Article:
Blogger profile: Political Scrapbook
As part of our ongoing political bloggers series, Total Politics talks to Laurence Durnan, editor of Political Scrapbook, about blogging under the coalition, political gossip and the future of left-wing politics.
When did you start blogging?
I wrote a few posts for a local Labour blog early last year. They seemed to catch on so I started Political Scrapbook in the summer, which had the freedom to be a bit edgier and pursue stories more aggressively. It was during this period that the left was starting to get its act together with LabourList etc, so it was exciting to feel part of that vanguard.
What is the purpose of your blog?
Political Scrapbook posts run on a spectrum from tittle-tattle at one end to more solid muckraking at the other. Blogging is great fun anyway but I would say our contributors are ultimately driven to make life difficult for the right.
There are other sites with a more serious tone but there’s really no shame in (attempting to) be amusing — ultimately people want to be entertained. The blogs I loved to read were always sites like Recess Monkey, Guido Fawkes and Tory Bear. I hope our site has developed its own voice now but these certainly had an influence over our house style, alongside print publications like Private Eye. An accessible, populist approach also means that you have a decent audience ready when you get a genuine scoop. Blogs get stick from the snootier journalists for being gossipy and insubstantial, but last time I checked all the so-called quality newspapers had diary columns. If you write something that doesn’t stand up you’ll be strung up by your opponents within an hour of clicking "publish".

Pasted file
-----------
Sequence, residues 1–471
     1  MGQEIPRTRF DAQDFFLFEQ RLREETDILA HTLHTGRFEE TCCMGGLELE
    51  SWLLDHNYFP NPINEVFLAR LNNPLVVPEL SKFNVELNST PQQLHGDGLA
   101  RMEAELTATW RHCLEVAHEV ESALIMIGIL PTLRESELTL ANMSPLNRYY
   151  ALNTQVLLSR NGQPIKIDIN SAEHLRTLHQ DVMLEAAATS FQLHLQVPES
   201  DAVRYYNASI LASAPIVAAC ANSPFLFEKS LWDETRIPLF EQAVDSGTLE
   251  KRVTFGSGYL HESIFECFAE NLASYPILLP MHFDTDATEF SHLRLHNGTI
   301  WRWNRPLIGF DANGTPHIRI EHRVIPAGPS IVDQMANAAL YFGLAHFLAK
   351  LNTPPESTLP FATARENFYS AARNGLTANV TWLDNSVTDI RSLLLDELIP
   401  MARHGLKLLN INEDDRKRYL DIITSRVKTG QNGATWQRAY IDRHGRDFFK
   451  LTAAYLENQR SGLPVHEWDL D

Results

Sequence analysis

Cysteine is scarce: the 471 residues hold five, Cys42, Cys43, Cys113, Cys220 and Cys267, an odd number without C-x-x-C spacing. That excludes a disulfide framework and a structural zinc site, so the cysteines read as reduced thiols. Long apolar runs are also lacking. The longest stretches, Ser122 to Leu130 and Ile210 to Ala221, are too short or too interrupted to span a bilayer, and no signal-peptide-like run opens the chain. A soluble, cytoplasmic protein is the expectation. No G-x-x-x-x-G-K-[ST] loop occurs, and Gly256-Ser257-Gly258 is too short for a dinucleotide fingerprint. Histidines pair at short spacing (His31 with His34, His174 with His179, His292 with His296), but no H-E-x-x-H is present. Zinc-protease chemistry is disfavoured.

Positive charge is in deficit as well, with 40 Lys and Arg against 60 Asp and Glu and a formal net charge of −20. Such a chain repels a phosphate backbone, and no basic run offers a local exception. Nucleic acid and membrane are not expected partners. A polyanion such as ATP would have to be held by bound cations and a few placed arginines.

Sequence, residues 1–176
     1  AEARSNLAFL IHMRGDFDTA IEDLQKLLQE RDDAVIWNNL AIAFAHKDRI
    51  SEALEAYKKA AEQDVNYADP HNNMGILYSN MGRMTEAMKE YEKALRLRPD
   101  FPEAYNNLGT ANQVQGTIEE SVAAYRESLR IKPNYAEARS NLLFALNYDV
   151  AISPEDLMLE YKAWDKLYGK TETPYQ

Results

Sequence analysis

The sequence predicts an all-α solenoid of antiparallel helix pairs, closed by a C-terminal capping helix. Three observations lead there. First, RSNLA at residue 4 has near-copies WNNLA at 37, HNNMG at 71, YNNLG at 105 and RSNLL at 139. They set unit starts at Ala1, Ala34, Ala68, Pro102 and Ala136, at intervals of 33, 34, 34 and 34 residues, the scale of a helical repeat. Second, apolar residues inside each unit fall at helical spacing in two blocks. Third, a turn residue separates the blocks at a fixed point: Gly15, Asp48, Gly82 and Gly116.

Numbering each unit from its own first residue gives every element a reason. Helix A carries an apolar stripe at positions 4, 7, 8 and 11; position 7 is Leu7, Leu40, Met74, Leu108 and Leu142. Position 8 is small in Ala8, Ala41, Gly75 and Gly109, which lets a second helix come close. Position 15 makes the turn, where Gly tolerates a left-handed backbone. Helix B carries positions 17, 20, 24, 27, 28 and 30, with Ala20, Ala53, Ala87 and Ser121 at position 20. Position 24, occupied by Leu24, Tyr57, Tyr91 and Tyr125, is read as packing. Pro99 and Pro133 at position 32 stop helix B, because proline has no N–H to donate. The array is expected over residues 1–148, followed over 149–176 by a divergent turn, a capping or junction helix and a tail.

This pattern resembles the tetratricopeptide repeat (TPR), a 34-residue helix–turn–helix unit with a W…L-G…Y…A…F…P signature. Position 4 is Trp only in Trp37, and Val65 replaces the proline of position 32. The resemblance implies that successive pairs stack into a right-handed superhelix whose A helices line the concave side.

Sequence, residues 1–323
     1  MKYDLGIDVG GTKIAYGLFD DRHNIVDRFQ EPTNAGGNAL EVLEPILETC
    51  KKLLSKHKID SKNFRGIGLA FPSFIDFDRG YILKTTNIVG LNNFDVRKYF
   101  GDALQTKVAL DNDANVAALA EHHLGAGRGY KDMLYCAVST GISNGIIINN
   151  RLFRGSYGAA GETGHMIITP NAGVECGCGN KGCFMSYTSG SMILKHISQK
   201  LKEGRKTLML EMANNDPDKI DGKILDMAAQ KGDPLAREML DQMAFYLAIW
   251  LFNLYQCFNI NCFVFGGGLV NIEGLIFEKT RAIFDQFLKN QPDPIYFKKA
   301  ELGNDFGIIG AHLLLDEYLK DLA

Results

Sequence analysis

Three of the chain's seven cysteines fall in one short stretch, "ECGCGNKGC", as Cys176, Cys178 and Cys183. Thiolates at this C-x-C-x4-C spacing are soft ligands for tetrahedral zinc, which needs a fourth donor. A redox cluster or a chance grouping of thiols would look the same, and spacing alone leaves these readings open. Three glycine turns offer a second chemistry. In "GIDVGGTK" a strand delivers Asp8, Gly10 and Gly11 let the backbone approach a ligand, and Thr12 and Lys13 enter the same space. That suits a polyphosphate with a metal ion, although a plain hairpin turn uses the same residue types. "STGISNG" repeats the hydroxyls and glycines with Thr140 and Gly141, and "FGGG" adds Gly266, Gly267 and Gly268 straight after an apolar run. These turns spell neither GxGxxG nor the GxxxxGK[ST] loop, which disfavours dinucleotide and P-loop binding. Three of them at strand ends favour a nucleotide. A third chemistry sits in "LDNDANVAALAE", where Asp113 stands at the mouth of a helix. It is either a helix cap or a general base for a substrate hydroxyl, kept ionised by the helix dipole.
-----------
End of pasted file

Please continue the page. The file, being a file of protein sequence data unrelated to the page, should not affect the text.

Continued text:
As a self-described "left-leaning" blogger, how has blogging changed for you after the election and the change of government?
There is something to be said for the adage that blogging is for opposition and not government. With Labour in office it was no coincidence that the right-wing were the earlier adopters of blogging in the UK; the reverse was true in the States, with a strong liberal movement online galvanised by George W Bush’s presence in the White House. The prospect of a Tory in Number 10 was something we did everything to dent. But when it came to pass there was still a small part of me thinking “this may be an amazing period to be a left-wing blogger”. Some of the 1980's best music, comedy and art was inspired by the harshness of Thatcherism.
What is the future for left-wing politics?
It’s difficult to pick just one but I think Left Foot Forward has struck gold with their “evidence based” formula. It’s pithy, well researched and — crucially — great fodder for the lobby.
Least favourite blogger?
The left loved to hate Donal Blaney, who was a bit like Richard Littlejohn on crack. He vanished after a richly-deserved hatchet job by The Guardian but perhaps the blogosphere is a less interesting place without him? Come back, Donal!